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Ethics & Religion
Column #2,017
April 8, 2020
Inspiring Stories - Amid Covid-19
By Mike McManus

Four billion people - more than half the world's population - have been asked to stay at home. More than a million people have tested positive for the Covid-19 virus. Classrooms for the world's children are closed.

Yet, as The New York Times reported, "Beyond each of these statistics are untold stories of compassion and sacrifice and heroism that may never be fully recorded." The Times editorial page noted that Dr. Mary Krebs, a middle aged family physician near Dayton treated patients via telemedicine from her own bed as she battled fever, shortness of breath and a dry cough - "telltale signs of coronavirus infection."

Marco Salerno told the residents of his 80 apartments that he would not collect rent this month to alleviate stress on his financially struggling clients.

Some 29 health care workers flew from Atlanta to New York last month to help. They posed for a photo that went viral, with each holding aloft their fingers in the shape of a heart.

The Times also invited readers to offer their own uplifting stories.

Jane Friedman, 74, ventured out almost daily for groceries. Her daughter was critical and asked a group called Invisible Hands Deliver, "who are helping geezers like me." She found their website and registered. Soon Sophia called to offer to be her "invisible hands." She quickly made a delivery. "Invisible Hands, founded by three young people now has thousands of volunteers."

Maria Boyes, a resident of a New York suburb, recalls that in the past, "People were rushed, schedules ruled. Work, sports, tutors." All of the affluent "had somewhere to be - until now. Families now walk the dog all together or kick a ball in the yard. Neighbors now gather at corners...The slow waves and smiles as I ride by are comforting."

Sherri Moore of Los Angeles is over 65, immune compromised, a Type 1 diabetic, and had a cancerous lung removed. "Yesterday, outside my window, I suddenly heard hooting and clapping and yelling. On every balcony, in every window and on rooftops were residents of my Turtle Bay neighborhood cheering on the health care workers." She took out a microphone and played "Amazing Grace" on her harmonica. "Now I finally have a small way to help." Every night at 7, you can hear "Amazing Grace" amidst all the hooting and hollering.

A few days before Oakland, Cal. went into lockdown, Natasha Singh noticed "a giant crow began appearing at our dining room window and peering inside, as if studying us. Considering that no crows - or any birds - for that matter - have visited us, I found it rather curious. Soon I began seeing two crows darting back and forth across the sky, gathering twigs to build a nest...They left for long periods of time. A few days ago I watched one of the crows, sitting still in her nest, riding out fierce winds and rain that threatened to topple the tree, giving a whole new meaning to `sheltering in place.'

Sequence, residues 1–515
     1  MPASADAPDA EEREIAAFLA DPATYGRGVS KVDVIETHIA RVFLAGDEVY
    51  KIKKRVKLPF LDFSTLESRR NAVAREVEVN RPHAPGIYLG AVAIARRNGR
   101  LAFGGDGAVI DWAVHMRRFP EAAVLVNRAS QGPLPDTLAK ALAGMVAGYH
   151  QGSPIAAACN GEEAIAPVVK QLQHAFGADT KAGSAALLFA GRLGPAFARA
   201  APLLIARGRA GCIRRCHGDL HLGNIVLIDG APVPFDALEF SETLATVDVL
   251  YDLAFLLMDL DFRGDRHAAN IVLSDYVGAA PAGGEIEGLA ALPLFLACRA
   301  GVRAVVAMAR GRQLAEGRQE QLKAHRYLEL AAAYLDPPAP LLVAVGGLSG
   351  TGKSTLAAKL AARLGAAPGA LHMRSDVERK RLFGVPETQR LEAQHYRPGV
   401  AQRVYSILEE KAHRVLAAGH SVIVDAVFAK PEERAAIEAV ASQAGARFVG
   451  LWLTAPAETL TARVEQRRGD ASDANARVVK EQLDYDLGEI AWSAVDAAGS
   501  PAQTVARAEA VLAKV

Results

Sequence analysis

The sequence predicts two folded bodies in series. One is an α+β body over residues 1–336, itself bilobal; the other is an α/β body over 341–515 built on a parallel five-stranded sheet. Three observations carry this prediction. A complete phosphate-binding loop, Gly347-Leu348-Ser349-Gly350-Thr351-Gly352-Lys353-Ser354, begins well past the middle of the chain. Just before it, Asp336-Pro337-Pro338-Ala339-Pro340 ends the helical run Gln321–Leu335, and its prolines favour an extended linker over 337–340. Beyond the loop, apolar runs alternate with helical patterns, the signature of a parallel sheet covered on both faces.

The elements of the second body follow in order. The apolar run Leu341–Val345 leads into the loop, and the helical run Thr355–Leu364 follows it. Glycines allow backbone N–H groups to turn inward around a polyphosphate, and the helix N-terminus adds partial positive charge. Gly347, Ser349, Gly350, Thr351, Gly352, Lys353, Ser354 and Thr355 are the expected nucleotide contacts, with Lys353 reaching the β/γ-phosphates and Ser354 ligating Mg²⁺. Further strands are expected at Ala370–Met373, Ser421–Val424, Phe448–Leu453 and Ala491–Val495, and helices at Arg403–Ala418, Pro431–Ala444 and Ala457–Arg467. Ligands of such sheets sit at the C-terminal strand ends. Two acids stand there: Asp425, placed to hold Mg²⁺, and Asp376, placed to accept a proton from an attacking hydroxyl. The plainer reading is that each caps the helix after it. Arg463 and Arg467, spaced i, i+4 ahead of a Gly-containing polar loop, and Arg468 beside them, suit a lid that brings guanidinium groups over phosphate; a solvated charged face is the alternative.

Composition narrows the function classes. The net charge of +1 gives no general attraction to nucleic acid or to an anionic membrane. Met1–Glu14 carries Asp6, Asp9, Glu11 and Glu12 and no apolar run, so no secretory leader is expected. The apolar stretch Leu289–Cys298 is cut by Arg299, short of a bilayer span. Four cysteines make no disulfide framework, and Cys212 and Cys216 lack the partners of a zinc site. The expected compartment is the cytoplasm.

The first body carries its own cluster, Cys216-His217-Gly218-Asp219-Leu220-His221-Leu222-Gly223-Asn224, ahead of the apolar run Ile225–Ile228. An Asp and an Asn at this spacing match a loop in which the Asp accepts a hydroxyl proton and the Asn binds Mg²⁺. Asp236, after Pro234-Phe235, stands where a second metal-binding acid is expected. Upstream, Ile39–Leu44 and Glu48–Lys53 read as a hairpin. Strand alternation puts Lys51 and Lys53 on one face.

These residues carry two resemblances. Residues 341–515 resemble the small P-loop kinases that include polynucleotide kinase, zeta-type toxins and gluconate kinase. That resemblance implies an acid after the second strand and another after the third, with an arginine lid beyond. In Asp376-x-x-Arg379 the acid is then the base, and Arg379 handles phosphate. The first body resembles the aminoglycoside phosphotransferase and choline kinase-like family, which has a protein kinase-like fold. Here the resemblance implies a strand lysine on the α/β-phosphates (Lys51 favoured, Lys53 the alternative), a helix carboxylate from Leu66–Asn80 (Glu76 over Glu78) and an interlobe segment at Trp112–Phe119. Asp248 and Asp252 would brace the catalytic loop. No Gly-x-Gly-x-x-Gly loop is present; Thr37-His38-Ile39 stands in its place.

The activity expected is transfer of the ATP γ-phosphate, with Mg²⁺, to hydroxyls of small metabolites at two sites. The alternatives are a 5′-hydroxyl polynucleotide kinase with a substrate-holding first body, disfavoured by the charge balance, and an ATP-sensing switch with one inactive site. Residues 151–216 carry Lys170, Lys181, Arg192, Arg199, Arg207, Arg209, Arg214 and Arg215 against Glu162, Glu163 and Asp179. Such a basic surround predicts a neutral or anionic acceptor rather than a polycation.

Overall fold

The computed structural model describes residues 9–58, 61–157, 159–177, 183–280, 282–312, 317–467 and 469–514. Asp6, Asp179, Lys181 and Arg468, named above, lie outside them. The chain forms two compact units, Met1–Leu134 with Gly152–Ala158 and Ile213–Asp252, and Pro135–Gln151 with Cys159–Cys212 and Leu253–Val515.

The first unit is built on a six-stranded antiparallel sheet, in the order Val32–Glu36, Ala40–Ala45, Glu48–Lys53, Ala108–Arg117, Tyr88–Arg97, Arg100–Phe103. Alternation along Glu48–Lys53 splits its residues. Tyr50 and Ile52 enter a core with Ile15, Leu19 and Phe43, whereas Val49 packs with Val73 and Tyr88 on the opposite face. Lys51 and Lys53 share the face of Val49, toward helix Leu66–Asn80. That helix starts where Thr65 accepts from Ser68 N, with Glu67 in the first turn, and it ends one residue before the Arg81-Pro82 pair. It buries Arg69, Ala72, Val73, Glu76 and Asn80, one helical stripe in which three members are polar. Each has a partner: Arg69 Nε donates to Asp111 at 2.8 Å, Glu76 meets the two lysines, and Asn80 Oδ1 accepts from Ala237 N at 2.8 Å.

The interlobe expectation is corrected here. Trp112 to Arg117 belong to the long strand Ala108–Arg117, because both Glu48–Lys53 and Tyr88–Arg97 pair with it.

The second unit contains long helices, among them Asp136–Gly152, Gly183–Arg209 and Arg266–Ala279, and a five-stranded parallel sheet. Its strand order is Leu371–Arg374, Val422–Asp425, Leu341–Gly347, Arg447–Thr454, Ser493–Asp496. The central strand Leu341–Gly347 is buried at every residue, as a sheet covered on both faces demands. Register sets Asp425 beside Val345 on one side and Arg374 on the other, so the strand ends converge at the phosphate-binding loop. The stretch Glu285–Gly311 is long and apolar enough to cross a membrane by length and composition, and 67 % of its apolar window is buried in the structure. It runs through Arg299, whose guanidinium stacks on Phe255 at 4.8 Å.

"When she flew off, I saw that she had left behind a lone turquoise treasure - her first egg. These crows are a constant reminder that something, maybe many things, will be birthed from this dark time."

Another person who responded to The New York Times invitation was N. Aaron Trodler of Bala Cynwyd, Penn. He was inspired by his children's high school's answer to the frantic call for help. Kohler Yeshiva High School, a Modern Orthodox Jewish school in Merion Station, Penn., is using the 3-D printers and laser cutter in the fabrication laboratory to produce special protective face shields for medical professionals who are on the front lines battling Covid-19. The local community is partnering with the school by donating the necessary supplies and funds to help with production costs, and the school has delivered its medically approved face shields to hospitals, the community ambulance corps and local doctors.

Troodler concludes, "Even in the darkest of days, it behooves all of us to go above and beyond the call to duty to help the greater community and the school's magnanimity in the midst of a crisis is laudable and uplifting."

My wife, for example, is handing out rubber gloves at our grocery store to clerks who have no gloves.

My question to readers is simple. What are you doing to help the needy in your community to cope with the Covid-19 crisis? Are you doing anything demonstrating compassion or heroism?


Copyright (c) 2019 Michael J. McManus, a syndicated columnist and past president of Marriage Savers. To read past columns, go to www.ethicsandreligion.comm. Hit Search for any topic.


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